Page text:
With an experienced core of top-league stars and off the heels of a 2015 U-20 World Cup title, can Serbia be a surprise package at the 2018 World Cup?
Serbia heads to Russia for a third World Cup appearance as an independent nation, and it will be eyeing progression to the knockout stage in a group that is certainly manageable.
Under the guidance of young coach Mladen Krstajić, who has been in charge of the national side since October 2017, the Orlovi will be seeking to perhaps do a little bit better than in recent years. Before failing to even make the tournament in Brazil four years ago, Serbia didn't get out of its group in the 2010 and 2006 tournaments, so there'll be an extra sense of determination this time around.
That said, the team is definitely not as strong as a few years ago when it was being tipped as potential dark horses to win with players such as Nemanja Vidic and Dejan Stankovic, but expectations will still be high–especially after Serbia won the U-20 World Cup title in 2015. Here's how Serbia stacks up entering the World Cup.
How They Qualified
Serbia was drawn against Wales, Republic of Ireland, Austria, Georgia, Moldova and qualified for Russia as its group winner, with 21 points from a possible 30.
Having started with a draw against Ireland, Serbia then dispatched Austria, Georgia and Moldova. It then beat Ireland thanks to a goal from Aleksandar Kolarov to put daylight between the two nations at the top of Group D.
In the final game, it defeated Georgia 1-0 to ensure a safe progression to the World Cup.
It was a pretty impressive qualification campaign, with Serbia scoring 20 goals and losing just the once en route to Russia.
Group Stage Games
Serbia finds itself in Group E, with Brazil, Switzerland and Costa Rica. Brazil will be the favorite to go through as group winner, but that second-place spot is up for grabs.
Costa Rica will be out to prove its 2014 run was no fluke, but its aging nucleus doesn't have a ton of rejuvenated and fresh legs behind it, meaning the game between Serbia and Switzerland could prove to be vital. Serbia will want a positive result in its opening two matches to boost its chances of going through, because it takes on Brazil in the final group game on June 27.
Possible Route to the Final
If Serbia successfully makes it out of their group, it could be looking at games against either Germany, South Korea, Sweden or Mexico in the last 16.
Assuming Brazil goes through as group winner, it will mean Serbia is likely to face reigning champion Germany in the first knockout game, since it is by far the strongest team in its group. There are no gimmes at the World Cup though, of course.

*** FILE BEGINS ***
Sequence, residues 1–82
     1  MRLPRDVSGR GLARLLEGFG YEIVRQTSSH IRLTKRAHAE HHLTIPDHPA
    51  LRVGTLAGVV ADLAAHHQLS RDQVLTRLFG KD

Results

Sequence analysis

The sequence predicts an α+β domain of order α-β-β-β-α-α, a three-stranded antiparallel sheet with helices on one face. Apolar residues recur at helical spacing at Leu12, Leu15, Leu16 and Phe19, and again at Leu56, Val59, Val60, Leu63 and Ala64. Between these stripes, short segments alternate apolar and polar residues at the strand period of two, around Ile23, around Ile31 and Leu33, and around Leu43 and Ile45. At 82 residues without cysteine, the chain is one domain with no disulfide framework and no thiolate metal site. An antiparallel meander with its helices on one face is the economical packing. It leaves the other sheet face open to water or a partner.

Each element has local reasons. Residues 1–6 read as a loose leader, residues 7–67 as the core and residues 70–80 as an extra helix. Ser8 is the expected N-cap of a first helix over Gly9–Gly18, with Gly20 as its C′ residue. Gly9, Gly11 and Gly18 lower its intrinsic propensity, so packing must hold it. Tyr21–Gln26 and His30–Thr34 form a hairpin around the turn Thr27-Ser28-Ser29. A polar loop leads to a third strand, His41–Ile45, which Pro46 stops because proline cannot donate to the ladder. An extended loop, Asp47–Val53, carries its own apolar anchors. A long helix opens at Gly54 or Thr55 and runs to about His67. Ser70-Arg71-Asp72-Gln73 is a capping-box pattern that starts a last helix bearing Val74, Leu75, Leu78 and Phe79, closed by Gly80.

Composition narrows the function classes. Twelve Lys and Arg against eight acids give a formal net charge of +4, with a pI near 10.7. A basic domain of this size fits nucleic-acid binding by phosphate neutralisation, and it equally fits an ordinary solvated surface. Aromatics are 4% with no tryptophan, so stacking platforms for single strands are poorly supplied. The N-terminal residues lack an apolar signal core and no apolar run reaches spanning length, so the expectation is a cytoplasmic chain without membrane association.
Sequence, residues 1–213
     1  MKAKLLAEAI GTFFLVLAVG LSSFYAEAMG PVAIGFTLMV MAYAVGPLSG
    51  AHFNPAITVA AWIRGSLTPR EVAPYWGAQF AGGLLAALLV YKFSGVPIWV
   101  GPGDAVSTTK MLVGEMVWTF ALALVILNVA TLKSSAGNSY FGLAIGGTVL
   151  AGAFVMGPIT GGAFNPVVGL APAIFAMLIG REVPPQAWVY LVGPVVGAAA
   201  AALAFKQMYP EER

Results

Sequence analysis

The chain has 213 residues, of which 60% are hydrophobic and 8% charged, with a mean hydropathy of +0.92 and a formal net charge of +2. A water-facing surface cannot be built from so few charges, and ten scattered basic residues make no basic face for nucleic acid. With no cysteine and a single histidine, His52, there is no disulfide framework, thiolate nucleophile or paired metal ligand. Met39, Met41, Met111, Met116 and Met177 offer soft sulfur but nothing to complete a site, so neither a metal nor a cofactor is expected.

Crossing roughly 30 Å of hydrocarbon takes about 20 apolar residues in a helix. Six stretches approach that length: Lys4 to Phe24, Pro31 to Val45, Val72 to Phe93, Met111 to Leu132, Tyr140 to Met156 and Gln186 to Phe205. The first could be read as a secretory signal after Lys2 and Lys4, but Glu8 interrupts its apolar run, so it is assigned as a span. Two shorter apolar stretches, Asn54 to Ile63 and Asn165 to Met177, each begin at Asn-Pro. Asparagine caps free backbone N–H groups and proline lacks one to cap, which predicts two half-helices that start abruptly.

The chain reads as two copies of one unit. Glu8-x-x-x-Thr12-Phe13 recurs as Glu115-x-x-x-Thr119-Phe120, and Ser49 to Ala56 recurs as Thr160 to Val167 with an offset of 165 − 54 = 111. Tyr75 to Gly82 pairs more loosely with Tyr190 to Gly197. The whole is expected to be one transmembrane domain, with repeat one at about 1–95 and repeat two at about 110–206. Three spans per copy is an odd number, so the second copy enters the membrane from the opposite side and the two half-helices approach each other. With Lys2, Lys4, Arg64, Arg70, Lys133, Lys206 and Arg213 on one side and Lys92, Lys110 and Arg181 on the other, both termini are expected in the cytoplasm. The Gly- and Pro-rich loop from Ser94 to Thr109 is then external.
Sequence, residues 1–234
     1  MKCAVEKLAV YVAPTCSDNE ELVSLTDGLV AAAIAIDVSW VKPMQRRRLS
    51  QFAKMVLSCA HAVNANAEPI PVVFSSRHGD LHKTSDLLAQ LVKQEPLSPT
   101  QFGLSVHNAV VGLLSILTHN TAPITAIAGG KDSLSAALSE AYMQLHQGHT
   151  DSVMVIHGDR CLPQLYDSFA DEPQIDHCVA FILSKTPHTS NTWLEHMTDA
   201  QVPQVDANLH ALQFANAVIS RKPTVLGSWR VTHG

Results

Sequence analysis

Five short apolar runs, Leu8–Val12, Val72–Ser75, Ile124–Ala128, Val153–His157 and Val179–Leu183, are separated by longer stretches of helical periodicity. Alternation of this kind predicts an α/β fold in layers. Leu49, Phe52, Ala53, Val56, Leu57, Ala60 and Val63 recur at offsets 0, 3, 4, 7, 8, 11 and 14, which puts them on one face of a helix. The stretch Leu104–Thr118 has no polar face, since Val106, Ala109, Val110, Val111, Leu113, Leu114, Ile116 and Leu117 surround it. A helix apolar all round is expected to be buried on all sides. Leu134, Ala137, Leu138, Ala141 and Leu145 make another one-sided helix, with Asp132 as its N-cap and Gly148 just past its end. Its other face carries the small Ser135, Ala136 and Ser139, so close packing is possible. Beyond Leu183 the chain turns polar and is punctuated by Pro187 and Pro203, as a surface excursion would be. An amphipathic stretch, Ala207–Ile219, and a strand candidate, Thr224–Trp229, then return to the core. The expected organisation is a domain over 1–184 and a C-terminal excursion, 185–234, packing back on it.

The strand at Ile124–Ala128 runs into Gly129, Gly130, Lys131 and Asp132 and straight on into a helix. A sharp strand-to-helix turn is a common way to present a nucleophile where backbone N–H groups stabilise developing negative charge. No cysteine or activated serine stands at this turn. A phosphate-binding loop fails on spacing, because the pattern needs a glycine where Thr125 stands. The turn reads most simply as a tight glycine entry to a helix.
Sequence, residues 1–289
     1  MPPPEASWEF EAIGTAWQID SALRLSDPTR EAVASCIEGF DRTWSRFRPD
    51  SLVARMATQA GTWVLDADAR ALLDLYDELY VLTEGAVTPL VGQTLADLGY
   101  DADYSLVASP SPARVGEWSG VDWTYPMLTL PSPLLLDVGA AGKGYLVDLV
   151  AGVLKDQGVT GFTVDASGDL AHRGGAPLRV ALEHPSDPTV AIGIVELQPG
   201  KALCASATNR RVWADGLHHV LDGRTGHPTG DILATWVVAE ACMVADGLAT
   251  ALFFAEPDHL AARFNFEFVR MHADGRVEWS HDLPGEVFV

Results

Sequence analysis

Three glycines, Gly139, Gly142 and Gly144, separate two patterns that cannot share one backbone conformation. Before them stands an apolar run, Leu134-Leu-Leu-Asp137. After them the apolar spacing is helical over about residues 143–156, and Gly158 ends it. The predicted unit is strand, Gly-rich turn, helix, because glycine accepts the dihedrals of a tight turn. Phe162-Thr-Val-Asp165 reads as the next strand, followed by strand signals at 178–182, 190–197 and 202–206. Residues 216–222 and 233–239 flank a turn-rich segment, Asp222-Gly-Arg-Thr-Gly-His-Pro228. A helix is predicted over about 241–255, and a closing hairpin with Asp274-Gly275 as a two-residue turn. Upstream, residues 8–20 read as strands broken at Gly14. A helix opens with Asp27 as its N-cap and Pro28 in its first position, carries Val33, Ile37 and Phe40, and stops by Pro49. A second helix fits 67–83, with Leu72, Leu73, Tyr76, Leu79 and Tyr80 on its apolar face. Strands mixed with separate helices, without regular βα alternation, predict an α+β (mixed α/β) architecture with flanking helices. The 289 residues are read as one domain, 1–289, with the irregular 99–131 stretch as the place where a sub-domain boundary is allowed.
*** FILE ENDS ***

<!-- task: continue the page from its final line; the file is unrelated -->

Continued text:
Should Serbia advance beyond the last 16, it could then at worst meet England, Belgium, Colombia or Poland–maybe even Senegal. A looming showdown vs. Spain could potentially wait in the semifinals, while Brazil and France are among the class sides likely to be duking it out for glory on the other side of the bracket.
Goalkeepers: Vladimir Stojkovic (Partizan Belgrade), Predrag Rajkovic (Maccabi Tel Aviv), Marko Dmitrovic (Eibar)
Defenders: Aleksandar Kolarov (AS Roma), Branislav Ivanovic (Zenit St. Petersburg), Dusko Tosic (Guangzhou R&F), Antonio Rukavina (Villarreal), Milos Veljkovic (Werder Bremen), Milan Rodic (Red Star Belgrade), Uros Spajic (Krasnodar), Nikola Milenkovic (Fiorentina)
Midfielders: Nemanja Matic (Manchester United), Luka Milivojevic (Crystal Palace), Sergej Milinkovic-Savic (Lazio), Marko Grujic (Liverpool), Adem Ljajic (Torino), Dusan Tadic (Southampton), Filip Kostic (Hamburg SV), Andrija Zivkovic (Benfica), Nemanja Radonjic (Red Star Belgrade)
Forwards: Aleksandar Mitrovic (Newcastle United), Aleksandar Prijovic (PAOK Salonika), Luka Jovic (Benfica)
(4-2-3-1): Rajkovic; Rukavina, Ivanovic, Tosic, Kolarov; Milivojevic, Matic; Markovic, Tadic, Kostic; Mitrovic.
Serbia has its work cut out to qualify for the last 16 with Brazil almost certain to go through, Switzerland a decent side and Costa Rica experienced in upstaging bigger names on the World Cup stage. Admittedly, Serbia does have some good players such as Matic, Milivojevic, Kolarov, Tadic, Kostic and hot transfer target Milinkovic-Savic.
Serbia is not as strong as it was a few years ago and is only ranked 35th in the world, but that said, its qualification campaign was nothing short of impressive, and it might, just might, have a deep run in them. Unless it bumps into Germany. Then, it'll be curtains.